German Language Blog

Wie man Deutsch lernt!? – How to learn German!? (Part I) Posted by on Oct 7, 2011 in Grammar, Language

Very often people ask how they can learn or improve their German. Thus, I decided to tell you something about language and language learning, hoping that it will help you to overcome all the obstacles you could face.

First of all, you learn German like most languages, too.

1. Accumulation of vocabulary

The first step of successful language learning is the acquisition of words, e.g. nouns, verbs, adjectives, adverbs, articles, prepositions, etc. Transparent Language Online can support you with this. Virtual cue cards will help you to acquire words and even short phrases and sentences.

Advice: Even when you do not know the grammatical rules how to combine the words into phrases and sentences or when you cannot conjugate verbs (correctly) learn as many words as you can and like. In the end, grammar is not the most important thing to make yourself understood or to convey a meaning.

2. Don’t focus on your native language when you learn a second language

All or, at least, most second language learners focus on their native language when they learn a second language. They extrapolate and reason the (grammatical) rules of the second language from their native language. That is, they tend to verbalize a thought in the same way their mother language does suggest it. In linguistics you call this contrastive analysis. But keep always in mind that each and every language is unique. It is misleading to say that you can translate a word, phrase, or sentence, for example, from English to German par for par. Each and every translation from one language to another is just a quasi translation, so to say.

Let’s take a German-English example in order to illustrate this fact. When you are hungry or thirsty you say in German: “Ich habe Hunger” or “Ich habe Durst”. When a German speaker would apply the German structure to the English language it would result in: “I have hunger” and “I have thirst”. Since I am not a native speaker of English I cannot judge about its degree of acceptability but I know it is more common to say: “I am hungry” and “I am thirsty”.

Advice: Don’t try to search for logic in everything. What seems to be logical in your native language can be illogical in German. Language is not mathematics, so you will always come across ‘rules’ that seem to be illogical. Just except some rules how they are and don’t bring every little detail into question. The more you progress in the German language the more will the language be accessible to you.


3. Language is economical

A lot of second language learners get confused when they come across a word they already know and find out that it also means something different or the other way around: you come across a new word and you find out that it denotes the same thing like another word that you already know. Let’s have a look at some examples.

One and the same word denotes different things: The German word Messer can mean “knife”, “meter” (a measuring device), or even “a person who is measuring something”. The German word Schloss can mean “castle” or “lock”. The German word Glas and the corresponding English word “glass” denote in both languages the same: it can refer to a drinking vessel or to a transparent material.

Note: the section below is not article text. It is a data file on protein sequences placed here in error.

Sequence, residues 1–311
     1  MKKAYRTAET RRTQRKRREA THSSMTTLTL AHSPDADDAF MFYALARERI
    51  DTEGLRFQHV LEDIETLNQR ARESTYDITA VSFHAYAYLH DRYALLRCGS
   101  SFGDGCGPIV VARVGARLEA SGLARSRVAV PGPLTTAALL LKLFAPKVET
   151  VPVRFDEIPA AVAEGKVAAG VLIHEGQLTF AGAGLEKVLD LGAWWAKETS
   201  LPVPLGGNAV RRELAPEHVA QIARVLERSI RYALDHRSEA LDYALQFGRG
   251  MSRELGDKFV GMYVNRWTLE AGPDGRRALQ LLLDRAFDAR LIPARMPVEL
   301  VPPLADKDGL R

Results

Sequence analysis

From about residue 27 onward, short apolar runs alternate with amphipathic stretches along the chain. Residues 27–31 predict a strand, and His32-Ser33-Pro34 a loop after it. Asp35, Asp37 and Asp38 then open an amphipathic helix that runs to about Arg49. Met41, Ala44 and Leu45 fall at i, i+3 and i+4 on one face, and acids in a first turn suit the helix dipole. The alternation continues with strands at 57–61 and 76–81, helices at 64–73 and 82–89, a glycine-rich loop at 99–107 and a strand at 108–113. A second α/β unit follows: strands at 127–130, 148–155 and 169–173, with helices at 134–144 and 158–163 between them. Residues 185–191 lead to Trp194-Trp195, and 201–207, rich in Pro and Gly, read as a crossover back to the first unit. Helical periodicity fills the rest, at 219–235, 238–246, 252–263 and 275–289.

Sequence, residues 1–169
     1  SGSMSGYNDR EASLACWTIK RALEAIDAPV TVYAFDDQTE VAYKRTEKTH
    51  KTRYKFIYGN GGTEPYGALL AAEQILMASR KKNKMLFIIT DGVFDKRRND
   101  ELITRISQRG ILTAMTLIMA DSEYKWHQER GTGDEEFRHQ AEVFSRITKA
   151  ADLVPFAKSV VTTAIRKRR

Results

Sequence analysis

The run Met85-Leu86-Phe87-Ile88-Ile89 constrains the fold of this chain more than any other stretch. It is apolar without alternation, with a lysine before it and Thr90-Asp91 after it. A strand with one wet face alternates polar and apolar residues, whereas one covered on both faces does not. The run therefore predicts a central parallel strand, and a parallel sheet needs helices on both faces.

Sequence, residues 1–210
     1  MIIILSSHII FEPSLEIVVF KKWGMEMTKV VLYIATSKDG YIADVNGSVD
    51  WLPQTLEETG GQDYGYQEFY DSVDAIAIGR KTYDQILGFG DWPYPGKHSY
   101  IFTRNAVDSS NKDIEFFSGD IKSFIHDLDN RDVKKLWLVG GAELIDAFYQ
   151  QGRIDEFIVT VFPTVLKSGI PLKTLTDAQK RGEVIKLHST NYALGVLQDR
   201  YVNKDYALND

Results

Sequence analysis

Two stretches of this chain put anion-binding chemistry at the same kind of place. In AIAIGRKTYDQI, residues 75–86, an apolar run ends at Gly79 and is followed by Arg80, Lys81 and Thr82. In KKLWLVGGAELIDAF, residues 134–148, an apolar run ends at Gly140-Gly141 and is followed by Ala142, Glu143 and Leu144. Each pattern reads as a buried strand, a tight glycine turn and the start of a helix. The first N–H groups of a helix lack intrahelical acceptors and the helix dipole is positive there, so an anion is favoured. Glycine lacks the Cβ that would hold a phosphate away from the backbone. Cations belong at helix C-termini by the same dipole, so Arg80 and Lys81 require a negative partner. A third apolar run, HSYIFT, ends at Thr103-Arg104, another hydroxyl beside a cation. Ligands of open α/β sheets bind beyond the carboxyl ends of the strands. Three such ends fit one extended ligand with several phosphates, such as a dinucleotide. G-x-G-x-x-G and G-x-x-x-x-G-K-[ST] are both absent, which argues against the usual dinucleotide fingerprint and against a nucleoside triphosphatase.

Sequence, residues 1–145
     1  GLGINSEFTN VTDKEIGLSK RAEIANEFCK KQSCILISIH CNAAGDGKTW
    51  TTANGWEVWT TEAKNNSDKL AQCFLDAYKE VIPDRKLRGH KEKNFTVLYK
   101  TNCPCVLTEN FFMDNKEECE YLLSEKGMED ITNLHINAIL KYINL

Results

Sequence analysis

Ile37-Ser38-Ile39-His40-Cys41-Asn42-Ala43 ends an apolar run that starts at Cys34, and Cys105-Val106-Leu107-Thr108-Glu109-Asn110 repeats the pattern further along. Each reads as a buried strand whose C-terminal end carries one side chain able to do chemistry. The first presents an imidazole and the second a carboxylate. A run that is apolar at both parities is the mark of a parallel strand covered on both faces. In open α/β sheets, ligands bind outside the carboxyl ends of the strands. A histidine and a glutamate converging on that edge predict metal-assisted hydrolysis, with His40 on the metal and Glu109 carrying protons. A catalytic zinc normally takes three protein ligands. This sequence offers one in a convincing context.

Different words refer to the same thing: The German verb schlafen means “to sleep” in English. Both the German and the English language have further words at their disposal to express the meaning of schlafen (to sleep): pennen – to doss, schlummern – to snooze, ein Nicherckerchen machen – to nod, ratzen – to kip.

In summary, languages are economical. That is, each word of every language has at least three meanings (that is a scientific fact!), thus, there are at least three different words that can denote one and the same object, subject, and action. But please, don’t be alarmed! In the majority of cases it is enough to know just one word and their accompanying meaning.

Advice: Don’t argue when you come across new words and be open-minded toward them. See the words always in the linguistic context and try to conceive the whole meaning of a phrase or sentence. Idioms always require particular words.


To be continued…

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About the Author: Sandra Rösner

Hello everybody! I studied English and American Studies, Communication Science, and Political Science at the University of Greifswald. Since I have been learning English as a second language myself for almost 20 years now I know how difficult it is to learn a language other than your native one. Thus, I am always willing to keep my explanations about German grammar comprehensible and short. Further, I am inclined to encourage you to speak German in every situation. Regards, Sandra


  1. Julio Cesar Yañez Santander:

    Thank you! I enjoyed your writing very much. German will be my third language and I am enjoying my way through word and cultural aspects.
    All the best.


  2. Pam Erin Mason:

    I loved your advices, right now I’ve been trying to learn Deutsch because it’s a language pretty awesome to me. Quite complicated sometimes, but I’m sure I’ll learn it well.

    Danke! 🙂

  3. Firstname:

    Usually I do not learn post on blogs, but I wish to say that this write-up very pressured me to take a look at and do so! Your writing style has been surprised me. Thanks, very nice post.

  4. Leontine Denna:

    Great post, thanks so much for sharing. Do you happen to have an RSS feed I can subscribe to?